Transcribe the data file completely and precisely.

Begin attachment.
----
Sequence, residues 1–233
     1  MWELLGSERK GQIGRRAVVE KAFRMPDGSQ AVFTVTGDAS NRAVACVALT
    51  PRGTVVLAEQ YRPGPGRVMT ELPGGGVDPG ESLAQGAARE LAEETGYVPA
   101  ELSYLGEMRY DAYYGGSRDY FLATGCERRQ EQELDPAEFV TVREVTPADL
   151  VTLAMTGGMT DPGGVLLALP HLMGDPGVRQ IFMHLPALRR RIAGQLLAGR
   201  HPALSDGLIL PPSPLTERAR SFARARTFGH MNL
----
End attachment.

Sequence, residues 1–233
     1  MWELLGSERK GQIGRRAVVE KAFRMPDGSQ AVFTVTGDAS NRAVACVALT
    51  PRGTVVLAEQ YRPGPGRVMT ELPGGGVDPG ESLAQGAARE LAEETGYVPA
   101  ELSYLGEMRY DAYYGGSRDY FLATGCERRQ EQELDPAEFV TVREVTPADL
   151  VTLAMTGGMT DPGGVLLALP HLMGDPGVRQ IFMHLPALRR RIAGQLLAGR
   201  HPALSDGLIL PPSPLTERAR SFARARTFGH MNL